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The Midgets’ Fury

Mar
21
2006

Editor’s Note: Spot-on contributor Josh Trevino was a co-founder of Redstate.org with former RedAmerica blogger Ben Domenech.

What does it say about the “reality-based community” that a fundamental tenet of its world-view is profoundly unreal? The belief that the mainstream media is set against the American left has emerged since roughly 1998 as a cornerstone of the embattled paranoia that animates the masses from Beacon Hill to Berkeley who cannot grasp why they are out of power. This much ought to be obvious: in a democratic system, one is out of power because one is unpopular — and one is out of power for a long time because one is profoundly unpopular. But like the preening egomaniac for whom admission of a fundamental flaw will collapse the entire psyche, the American left clutches at any proffered external cause for its misfortune: The war is manipulated for electoral purposes. The Supreme Court is nakedly partisan. The voting machines are rigged. The American media is against us.

It’s a stupefying conceit for media professionals, who know their milieu — and for conservatives, who spent the prior generation asserting that the media was against them. That conceit was certainly fueled by conservatives’ own share of paranoia and persecution complexes, but it was still eminently more defensible than the left’s descent into the same fear now. Conservatives then pointed to avowed leftists anchoring network newscasts, Communist-friendly reporting verging on genocide apologetics, and a journalism profession shot through, post-Watergate, with a generation of eager anti-establishmentarians. Leftists now point to….Ben Domenech.

Oh, how they have shrieked since Domenech took the helm at the Washington Post’s newest blog. Back in the day, conservatives wanted a fair shake from the media: today, leftists reveal that they want their media back — and back under their full control. The resultant outrage at the mere existence of a right-wing blog at the website of Dan Froomkin and Dana Milbank has made them, well, stupid. It’s impossible to catalogue all the dumb things written in the past 24 hours as a result of the left’s frenzy, but a representative sample is worthwhile:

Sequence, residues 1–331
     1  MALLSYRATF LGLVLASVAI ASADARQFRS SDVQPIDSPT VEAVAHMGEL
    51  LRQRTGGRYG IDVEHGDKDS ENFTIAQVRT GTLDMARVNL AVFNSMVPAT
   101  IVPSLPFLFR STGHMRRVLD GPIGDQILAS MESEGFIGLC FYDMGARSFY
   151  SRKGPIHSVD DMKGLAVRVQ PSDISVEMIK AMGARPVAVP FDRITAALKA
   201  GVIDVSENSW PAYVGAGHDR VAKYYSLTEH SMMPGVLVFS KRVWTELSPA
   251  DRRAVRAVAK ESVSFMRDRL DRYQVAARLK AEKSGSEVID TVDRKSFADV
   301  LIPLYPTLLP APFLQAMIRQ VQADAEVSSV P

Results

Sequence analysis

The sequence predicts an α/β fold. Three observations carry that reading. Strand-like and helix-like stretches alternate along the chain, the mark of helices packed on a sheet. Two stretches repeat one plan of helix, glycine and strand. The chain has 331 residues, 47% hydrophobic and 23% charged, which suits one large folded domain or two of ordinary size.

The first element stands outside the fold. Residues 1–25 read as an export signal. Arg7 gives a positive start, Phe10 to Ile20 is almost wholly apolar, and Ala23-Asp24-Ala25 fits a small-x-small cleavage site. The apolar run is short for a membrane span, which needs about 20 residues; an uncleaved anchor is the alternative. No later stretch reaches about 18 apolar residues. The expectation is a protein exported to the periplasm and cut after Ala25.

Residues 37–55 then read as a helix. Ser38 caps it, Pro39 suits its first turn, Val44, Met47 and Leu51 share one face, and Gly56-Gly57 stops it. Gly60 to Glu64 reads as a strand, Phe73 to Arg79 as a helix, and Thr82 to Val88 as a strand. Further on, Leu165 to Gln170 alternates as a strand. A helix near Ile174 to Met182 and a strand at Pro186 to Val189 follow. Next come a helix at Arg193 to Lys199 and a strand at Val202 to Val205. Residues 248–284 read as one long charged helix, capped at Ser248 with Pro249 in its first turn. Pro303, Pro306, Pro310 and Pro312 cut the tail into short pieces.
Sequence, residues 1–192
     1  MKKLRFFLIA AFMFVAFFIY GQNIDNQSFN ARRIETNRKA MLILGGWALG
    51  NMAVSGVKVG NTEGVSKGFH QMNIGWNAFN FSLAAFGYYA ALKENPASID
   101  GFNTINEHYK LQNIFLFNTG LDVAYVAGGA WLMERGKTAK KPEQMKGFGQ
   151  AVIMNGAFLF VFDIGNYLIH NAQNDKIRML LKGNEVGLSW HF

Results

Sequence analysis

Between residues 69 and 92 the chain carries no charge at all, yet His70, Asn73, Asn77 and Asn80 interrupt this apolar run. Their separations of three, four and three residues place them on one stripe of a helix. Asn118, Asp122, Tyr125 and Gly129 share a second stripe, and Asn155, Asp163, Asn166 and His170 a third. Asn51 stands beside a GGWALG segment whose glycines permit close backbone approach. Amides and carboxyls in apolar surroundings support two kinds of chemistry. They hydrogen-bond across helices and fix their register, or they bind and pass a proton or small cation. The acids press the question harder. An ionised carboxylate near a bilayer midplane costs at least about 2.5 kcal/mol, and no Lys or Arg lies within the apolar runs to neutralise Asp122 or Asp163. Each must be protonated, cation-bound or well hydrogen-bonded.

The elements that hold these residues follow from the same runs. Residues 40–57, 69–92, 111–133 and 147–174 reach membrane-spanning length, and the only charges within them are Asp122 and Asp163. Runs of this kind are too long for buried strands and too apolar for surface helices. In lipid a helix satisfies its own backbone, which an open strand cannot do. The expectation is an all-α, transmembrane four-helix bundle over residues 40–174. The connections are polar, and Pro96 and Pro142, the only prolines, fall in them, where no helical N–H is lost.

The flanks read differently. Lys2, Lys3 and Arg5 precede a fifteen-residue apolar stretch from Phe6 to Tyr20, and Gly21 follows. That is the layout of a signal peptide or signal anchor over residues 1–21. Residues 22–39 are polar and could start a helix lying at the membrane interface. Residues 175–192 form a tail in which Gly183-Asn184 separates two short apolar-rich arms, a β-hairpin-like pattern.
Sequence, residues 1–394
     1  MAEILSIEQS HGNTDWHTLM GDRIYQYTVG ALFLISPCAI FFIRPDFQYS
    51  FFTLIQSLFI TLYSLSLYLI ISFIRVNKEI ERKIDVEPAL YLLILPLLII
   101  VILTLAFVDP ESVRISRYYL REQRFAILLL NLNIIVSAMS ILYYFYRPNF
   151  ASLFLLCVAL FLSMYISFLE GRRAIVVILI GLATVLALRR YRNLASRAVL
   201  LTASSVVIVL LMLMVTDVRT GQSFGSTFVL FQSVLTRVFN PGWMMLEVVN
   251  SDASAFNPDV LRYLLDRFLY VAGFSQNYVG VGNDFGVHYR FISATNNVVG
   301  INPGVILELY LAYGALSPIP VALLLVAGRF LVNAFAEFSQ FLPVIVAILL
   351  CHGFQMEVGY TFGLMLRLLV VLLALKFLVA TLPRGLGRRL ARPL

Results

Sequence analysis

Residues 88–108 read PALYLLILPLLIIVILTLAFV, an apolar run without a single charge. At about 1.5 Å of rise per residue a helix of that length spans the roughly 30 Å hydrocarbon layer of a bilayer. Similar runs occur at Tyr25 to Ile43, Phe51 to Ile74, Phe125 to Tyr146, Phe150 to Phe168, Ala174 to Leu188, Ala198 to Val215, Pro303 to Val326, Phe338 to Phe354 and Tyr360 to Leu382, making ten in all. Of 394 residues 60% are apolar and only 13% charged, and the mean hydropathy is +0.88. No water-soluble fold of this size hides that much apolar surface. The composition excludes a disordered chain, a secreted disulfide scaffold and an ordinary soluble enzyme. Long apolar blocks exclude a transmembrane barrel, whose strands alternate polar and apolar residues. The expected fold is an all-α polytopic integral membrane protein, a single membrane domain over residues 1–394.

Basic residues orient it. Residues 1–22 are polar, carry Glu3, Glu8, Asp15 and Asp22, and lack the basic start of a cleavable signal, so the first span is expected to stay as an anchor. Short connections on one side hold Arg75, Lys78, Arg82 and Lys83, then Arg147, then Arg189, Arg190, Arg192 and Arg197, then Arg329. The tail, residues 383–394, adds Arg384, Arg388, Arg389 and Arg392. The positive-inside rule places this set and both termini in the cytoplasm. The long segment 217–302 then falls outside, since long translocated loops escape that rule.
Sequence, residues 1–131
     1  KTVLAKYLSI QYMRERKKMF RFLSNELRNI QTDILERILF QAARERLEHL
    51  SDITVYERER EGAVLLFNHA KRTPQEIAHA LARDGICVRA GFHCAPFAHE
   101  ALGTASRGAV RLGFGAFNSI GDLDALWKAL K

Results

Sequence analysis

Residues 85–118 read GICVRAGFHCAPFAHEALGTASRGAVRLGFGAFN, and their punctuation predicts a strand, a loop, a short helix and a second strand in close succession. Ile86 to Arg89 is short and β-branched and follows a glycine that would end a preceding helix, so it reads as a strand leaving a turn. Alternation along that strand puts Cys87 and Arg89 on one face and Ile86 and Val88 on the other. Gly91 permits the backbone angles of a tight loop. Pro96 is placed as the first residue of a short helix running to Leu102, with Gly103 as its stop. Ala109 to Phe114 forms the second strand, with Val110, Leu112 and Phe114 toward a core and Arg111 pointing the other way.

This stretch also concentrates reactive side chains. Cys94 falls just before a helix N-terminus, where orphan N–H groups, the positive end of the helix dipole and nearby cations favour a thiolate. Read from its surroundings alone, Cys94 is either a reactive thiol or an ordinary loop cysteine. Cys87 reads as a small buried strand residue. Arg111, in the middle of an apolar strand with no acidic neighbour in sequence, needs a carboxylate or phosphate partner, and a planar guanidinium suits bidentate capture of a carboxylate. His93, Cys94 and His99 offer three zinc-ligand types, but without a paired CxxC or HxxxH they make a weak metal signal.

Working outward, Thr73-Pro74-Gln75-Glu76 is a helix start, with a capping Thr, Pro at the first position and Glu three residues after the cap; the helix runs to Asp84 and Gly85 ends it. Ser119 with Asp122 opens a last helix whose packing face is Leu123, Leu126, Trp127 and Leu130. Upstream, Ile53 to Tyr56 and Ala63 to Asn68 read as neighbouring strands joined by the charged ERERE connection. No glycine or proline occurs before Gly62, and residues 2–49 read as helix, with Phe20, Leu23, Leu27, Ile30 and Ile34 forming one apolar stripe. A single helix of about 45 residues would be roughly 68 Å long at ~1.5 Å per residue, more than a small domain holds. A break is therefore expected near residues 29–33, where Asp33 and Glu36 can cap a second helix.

First up is David Brock, who rather amazingly believes that the characterization of Froomkin as a “liberal” is “debatable.” Then there’s John Aravosis, who, after declaring Domenech’s hire an “atrocity” and managing to forget Froomkin’s existence, is reduced to utter wordlessness. (NB on the death of language: I’ve been to Rwanda, Yad Vashem, and Auschwitz; and those had something to do with atrocity.) Next up is the staff at Editor & Publisher, who nicely buttress the thesis of general media leftism by revealing an ignorance of any distinction between conservatives, Republicans, and supporters of the President. Garance Franke-Ruta of The American Prospect takes her own swing, denouncing Domenech’s first post as “vitriolic, almost hysterically nasty,” and then, immune to irony, goes on to opine about “responsible journalist[s].” Chris Bowers of MyDD, apparently unaware that his thesis is more or less one of crushing defeat for his side, announces the right-wing blogosphere’s Gotterdammerung and claims real authenticity (whatever that means) for the left. Brad DeLong sneers at the pretense of young whippersnappers without credentials trying to play his game. On a Washington Post online chat, Tom Edsall is straightaway ambushed by irate lefties, the first of whom doesn’t know what “defame” or “slur” mean. And “Skippy” seethes that the netroots are only mostly losers, not total losers. Take that, DomeNazi.

This list could easily be a lot longer.

So what, again, does this say about the “reality-based community”? What does their anger tell us? What does their enraged realization of not owning wholesale the Washington Post tell us? What does their sense of persecution tell us? What does the profound threat they feel from a mere blog by Ben Domenech tell us? It is, certainly, an anger at not having a thing they never had a right to expect. So are they really ethically opposed to a swift crossover from political operative status to journalism? Or are they, despite their self-appointment, despite their pretense, and despite their arrogation, fundamentally unreal?

Share  Posted by Josh Trevino at 5:57 PM | Permalink

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